Computers Might be the Last Bulls Standing

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Banking failures. An unrelenting Fed. Sagging corporate earnings. Even Buffett is singing a leery tune.

So, how is it that the S&P is up 8% so far this year? Thank the computers and their algorithm-driven trading models, says a growing chorus of analysts.

Feel Not, Worry Not

Human investors — mere mortals whose sentiment can suffer at the whim of a convincing headline — have had a lot to absorb of late. In what’s considered a base case for many, minutes from a recent Fed meeting suggest the likelihood of a “mild recession” this year. At worst, DC gridlock could render the nation incapable of paying its debt in a few precious weeks, a threat that Consumer Financial Protection Bureau director Rohit Chopra declared a “Big worry. Every family should be concerned.”

All of it weighs on the anthropoid class. Analysts at Bank of America recently proclaimed that “bulls are becoming an endangered species,” and market exposure among active managers is approaching a one-year low.

As for quant funds and their trend-spotting supercomputers, bullishness is at a multi-year high. According to analysts who spoke to the FT, systematic funds are pouring into stocks at the fastest rate in decades and moving markets in the process:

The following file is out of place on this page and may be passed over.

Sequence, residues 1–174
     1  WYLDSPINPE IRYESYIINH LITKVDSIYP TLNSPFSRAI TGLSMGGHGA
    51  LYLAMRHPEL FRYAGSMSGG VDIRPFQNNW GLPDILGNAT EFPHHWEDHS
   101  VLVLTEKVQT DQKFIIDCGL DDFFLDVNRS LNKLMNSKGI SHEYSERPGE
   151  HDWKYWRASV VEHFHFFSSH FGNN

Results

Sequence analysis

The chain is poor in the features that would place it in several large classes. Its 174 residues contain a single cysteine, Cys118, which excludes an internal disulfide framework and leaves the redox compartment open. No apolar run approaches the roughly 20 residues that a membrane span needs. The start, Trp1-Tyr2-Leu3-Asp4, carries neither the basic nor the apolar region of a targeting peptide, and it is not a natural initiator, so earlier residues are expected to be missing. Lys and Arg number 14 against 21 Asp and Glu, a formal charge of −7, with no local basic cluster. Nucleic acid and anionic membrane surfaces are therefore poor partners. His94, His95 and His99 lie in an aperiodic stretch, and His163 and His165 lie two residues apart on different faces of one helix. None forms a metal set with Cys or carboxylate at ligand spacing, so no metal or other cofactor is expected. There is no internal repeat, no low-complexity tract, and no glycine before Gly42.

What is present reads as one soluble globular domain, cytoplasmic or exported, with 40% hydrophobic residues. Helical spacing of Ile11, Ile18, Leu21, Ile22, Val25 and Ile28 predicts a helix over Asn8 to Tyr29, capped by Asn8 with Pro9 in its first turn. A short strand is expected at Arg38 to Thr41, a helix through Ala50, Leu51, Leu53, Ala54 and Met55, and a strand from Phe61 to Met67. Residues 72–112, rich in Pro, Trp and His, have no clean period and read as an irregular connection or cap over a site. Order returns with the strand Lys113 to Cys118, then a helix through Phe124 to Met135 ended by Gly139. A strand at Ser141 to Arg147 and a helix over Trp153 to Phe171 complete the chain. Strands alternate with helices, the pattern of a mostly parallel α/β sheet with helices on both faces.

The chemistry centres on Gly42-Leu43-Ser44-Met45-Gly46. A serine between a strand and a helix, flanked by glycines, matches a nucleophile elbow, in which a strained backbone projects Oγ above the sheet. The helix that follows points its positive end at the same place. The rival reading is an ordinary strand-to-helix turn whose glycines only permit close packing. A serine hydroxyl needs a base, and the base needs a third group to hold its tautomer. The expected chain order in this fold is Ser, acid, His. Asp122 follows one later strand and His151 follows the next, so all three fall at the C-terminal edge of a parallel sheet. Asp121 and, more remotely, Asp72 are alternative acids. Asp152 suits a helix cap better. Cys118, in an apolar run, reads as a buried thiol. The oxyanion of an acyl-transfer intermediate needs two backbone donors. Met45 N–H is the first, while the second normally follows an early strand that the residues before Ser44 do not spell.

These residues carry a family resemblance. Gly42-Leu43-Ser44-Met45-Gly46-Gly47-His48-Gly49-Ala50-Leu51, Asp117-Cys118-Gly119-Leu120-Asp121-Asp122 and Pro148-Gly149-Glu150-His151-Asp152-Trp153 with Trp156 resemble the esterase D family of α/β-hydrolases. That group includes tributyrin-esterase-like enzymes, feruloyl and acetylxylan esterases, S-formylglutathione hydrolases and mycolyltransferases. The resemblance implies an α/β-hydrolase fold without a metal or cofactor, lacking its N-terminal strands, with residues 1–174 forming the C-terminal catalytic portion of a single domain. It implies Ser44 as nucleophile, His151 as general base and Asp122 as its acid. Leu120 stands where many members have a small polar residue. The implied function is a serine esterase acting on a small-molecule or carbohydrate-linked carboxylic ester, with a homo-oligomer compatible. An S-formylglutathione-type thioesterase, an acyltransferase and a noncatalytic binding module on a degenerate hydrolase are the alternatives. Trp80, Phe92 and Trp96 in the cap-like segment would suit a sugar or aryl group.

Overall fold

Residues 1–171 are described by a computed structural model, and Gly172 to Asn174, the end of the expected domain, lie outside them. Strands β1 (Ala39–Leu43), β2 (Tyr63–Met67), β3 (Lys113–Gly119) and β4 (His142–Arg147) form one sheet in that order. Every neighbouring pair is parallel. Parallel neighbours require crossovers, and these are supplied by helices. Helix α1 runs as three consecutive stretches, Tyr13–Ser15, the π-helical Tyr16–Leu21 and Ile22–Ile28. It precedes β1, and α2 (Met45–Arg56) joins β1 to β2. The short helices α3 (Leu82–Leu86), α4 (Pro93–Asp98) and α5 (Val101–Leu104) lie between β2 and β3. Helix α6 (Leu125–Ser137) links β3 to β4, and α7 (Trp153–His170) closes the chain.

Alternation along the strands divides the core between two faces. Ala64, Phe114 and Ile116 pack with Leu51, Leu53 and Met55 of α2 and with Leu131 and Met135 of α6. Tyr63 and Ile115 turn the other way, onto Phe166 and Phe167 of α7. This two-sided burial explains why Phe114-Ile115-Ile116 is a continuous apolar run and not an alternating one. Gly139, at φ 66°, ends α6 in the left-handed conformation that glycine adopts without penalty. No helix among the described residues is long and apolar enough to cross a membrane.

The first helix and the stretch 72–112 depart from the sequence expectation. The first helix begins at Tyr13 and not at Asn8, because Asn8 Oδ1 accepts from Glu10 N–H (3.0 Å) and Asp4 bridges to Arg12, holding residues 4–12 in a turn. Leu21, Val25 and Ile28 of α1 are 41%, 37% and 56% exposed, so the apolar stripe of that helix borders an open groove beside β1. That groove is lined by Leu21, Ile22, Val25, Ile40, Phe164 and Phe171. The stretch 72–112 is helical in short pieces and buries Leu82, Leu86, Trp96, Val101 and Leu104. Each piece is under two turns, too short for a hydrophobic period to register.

• Figures from Nomura suggest that vol controlled funds — which employ hedges to minimize portfolio volatility — have added roughly $72 billion in the past three months. “Systematic reallocation has really been the [main] source of demand outside of corporate buybacks” this year, Charlie McElligott, an equity derivatives strategist at Nomura, told the FT.
  • Separate analysis by Deutsche Bank showed overall equities positioning across systematic funds is at its highest level since December 2021.

“These funds move fast and unemotionally,” said McElligott. “They’re not parsing through earnings or taking a view on the stickiness of inflation . . . this is about price trends and momentum.”

Who’s Leading Who? Parag Thatte, a strategist at Deutsche, told the FT: “We do see their trading has a big impact on equities … they don’t tend to lead the market . . . [but] they tend to amplify moves that are already happening.” Notably, this train works in both directions, with algorithmic fund flows contributing to last year’s 19% drop in the S&P 500. Bow, to your algo overlords.